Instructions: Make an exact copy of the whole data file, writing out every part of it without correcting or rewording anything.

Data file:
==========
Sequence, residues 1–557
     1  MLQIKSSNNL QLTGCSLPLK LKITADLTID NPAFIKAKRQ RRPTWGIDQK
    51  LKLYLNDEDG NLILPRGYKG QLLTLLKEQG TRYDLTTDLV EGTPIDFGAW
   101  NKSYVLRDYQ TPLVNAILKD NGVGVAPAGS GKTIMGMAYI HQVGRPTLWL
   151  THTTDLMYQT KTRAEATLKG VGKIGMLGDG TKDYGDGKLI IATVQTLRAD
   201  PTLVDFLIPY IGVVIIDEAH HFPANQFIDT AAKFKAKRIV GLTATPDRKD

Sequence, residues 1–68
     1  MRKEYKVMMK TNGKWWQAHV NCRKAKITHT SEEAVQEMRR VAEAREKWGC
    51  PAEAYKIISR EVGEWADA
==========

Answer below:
Sequence, residues 1–557
     1  MLQIKSSNNL QLTGCSLPLK LKITADLTID NPAFIKAKRQ RRPTWGIDQK
    51  LKLYLNDEDG NLILPRGYKG QLLTLLKEQG TRYDLTTDLV EGTPIDFGAW
   101  NKSYVLRDYQ TPLVNAILKD NGVGVAPAGS GKTIMGMAYI HQVGRPTLWL
   151  THTTDLMYQT KTRAEATLKG VGKIGMLGDG TKDYGDGKLI IATVQTLRAD
   201  PTLVDFLIPY IGVVIIDEAH HFPANQFIDT AAKFKAKRIV GLTATPDRKD

Sequence, residues 1–68
     1  MRKEYKVMMK TNGKWWQAHV NCRKAKITHT SEEAVQEMRR VAEAREKWGC
    51  PAEAYKIISR EVGEWADA